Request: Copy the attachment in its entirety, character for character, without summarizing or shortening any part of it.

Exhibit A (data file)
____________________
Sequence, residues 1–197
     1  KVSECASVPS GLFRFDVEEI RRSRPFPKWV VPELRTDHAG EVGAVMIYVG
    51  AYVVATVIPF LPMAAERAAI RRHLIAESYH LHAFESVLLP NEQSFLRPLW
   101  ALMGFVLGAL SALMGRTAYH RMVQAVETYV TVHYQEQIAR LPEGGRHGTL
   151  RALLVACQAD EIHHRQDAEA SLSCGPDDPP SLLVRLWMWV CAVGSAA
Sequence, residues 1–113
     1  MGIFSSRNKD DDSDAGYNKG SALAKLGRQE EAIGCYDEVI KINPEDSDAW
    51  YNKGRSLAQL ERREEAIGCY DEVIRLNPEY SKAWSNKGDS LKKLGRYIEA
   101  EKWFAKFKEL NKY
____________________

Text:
Sequence, residues 1–197
     1  KVSECASVPS GLFRFDVEEI RRSRPFPKWV VPELRTDHAG EVGAVMIYVG
    51  AYVVATVIPF LPMAAERAAI RRHLIAESYH LHAFESVLLP NEQSFLRPLW
   101  ALMGFVLGAL SALMGRTAYH RMVQAVETYV TVHYQEQIAR LPEGGRHGTL
   151  RALLVACQAD EIHHRQDAEA SLSCGPDDPP SLLVRLWMWV CAVGSAA
Sequence, residues 1–113
     1  MGIFSSRNKD DDSDAGYNKG SALAKLGRQE EAIGCYDEVI KINPEDSDAW
    51  YNKGRSLAQL ERREEAIGCY DEVIRLNPEY SKAWSNKGDS LKKLGRYIEA
   101  EKWFAKFKEL NKY